It seems like years since we had some genuinely positive news about the eurozone’s economic outlook. So for many the news that the economy of the eurozone has grown by 0.4% in the first three months of the year was well over due. The official figures show that the recovery is beginning to speed up slightly, although many forecasters had been predicting a slightly larger rise than this.
The trend is encouraging though with this fastest quarter growth results for a couple of years. The growth is still slow but it’s looking sustainable and showing the possibility that it may increase.
There were other figures released before then which are of interest to eurozone economists. Germany’s economic growth was actually below the average at 0.3%, which represents a significant slow down from the previous 0.7% growth figure for the last quarter of 2014. The positive signs in the German economy in the areas of private consumption and investment in construction which both rose, were countered by a surprising fall in German exports.
Inflation in Germany is under control and is under the current ECB target of 2% or under. Most European countries have fairly well controlled inflation in fact the concerns are usually around the level being too low. An interesting economic documentary covered the risks of deflation, you can still catch the programme on the BBC iPlayer application although you’ll need to connect through a UK proxy to view it.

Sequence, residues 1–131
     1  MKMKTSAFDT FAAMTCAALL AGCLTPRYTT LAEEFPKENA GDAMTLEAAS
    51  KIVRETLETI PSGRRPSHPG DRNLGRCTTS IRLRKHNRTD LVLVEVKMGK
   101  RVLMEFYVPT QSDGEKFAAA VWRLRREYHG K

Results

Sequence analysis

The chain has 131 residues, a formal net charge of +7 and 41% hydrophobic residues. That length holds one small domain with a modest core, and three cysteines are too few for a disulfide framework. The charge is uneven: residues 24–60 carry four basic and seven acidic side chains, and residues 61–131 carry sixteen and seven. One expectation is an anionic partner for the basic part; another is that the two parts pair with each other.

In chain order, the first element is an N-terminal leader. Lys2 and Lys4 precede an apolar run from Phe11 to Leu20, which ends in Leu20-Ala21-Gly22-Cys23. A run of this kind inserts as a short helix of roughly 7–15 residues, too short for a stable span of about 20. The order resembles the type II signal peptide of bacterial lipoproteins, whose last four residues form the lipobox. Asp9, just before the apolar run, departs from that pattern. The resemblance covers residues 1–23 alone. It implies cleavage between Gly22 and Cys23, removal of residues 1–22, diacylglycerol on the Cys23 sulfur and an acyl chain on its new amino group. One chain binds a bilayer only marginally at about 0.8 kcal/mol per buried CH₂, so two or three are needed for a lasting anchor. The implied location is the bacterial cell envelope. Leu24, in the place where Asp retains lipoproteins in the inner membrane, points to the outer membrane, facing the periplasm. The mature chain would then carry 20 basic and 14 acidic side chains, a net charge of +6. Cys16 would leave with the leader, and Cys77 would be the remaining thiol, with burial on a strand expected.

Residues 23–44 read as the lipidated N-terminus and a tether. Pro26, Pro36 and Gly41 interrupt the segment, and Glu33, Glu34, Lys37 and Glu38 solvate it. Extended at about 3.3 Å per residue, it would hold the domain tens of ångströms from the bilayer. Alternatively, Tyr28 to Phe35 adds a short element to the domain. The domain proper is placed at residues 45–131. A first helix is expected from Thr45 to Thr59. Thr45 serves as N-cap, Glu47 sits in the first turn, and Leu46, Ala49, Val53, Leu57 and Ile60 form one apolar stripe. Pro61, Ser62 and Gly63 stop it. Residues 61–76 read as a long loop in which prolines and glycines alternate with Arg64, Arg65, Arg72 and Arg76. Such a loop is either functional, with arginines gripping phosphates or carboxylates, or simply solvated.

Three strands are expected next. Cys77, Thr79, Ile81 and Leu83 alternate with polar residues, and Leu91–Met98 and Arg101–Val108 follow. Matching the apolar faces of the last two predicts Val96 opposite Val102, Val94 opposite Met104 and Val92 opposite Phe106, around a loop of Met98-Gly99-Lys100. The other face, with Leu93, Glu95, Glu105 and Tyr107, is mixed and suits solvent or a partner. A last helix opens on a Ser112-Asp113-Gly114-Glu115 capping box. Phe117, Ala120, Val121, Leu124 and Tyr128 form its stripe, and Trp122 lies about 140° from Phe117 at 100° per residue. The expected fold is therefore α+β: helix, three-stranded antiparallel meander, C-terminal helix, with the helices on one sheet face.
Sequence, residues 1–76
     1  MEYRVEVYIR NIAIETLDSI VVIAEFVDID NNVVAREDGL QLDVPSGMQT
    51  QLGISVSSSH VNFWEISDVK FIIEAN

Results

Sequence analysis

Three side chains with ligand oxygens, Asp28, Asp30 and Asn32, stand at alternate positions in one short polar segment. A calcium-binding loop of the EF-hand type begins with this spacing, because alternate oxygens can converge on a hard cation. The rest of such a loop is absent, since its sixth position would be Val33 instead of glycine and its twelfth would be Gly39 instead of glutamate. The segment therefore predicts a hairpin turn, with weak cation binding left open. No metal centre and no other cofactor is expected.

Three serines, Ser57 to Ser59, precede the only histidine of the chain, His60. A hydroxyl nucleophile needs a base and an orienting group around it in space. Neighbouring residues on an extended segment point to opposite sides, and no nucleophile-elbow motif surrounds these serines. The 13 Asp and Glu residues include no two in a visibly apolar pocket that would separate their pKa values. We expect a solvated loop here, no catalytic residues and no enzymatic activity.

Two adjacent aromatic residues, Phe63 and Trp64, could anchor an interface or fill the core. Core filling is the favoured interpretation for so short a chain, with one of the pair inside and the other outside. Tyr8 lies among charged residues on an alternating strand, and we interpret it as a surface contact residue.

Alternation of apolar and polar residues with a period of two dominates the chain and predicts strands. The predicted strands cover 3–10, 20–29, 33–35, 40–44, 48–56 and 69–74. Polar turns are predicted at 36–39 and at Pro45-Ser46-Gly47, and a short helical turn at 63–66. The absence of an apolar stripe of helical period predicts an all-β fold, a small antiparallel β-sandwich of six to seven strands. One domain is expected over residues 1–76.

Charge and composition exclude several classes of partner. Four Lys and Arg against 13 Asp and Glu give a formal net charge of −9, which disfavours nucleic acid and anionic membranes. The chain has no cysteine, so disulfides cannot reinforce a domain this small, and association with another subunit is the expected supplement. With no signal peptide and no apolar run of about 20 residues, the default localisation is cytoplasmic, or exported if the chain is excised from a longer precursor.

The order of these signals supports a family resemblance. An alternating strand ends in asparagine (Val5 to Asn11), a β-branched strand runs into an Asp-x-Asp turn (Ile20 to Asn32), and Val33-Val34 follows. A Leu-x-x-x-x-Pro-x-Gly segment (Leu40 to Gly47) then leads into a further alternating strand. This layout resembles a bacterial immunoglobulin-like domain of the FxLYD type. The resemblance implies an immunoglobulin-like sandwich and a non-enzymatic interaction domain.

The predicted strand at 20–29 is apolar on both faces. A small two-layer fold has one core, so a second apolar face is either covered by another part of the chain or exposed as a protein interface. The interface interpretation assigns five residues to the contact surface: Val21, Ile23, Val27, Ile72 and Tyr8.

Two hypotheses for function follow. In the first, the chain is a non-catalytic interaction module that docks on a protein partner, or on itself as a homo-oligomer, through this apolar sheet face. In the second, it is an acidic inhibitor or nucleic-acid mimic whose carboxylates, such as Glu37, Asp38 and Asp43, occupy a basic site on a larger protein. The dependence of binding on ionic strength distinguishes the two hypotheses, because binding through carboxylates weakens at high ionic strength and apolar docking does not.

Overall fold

One of the bigger surprises was the long awaited improvement of the French recovery. The economy also hit a two year high for growth with it rising an impressive 0.6%. There are reports that confidence is returning to the economy with French consumer spending growing by 1.6%, although some of this will be due to the lower oil prices and the relatively weak euro rate. Industrial production levels are also on the rise, with a four year high being recorded.
Other countries are also fairing better with Italy also recording growth figures, for the first time in several years. Spain topped the Euro growth charts with a recorded 0.9% improvement in it’s economy, the fastest rate for eight years.
How much of this is a result of external factors like the fall in oil prices and the weak currency is difficult to tell. There is no doubt that there are several factors which are helping plus the increased level of fiscal stimulus from the European Central Bank. There is little doubt that the majority of this growth is being fuelled by domestic demand which would be similar to the initial recover in the UK economy too.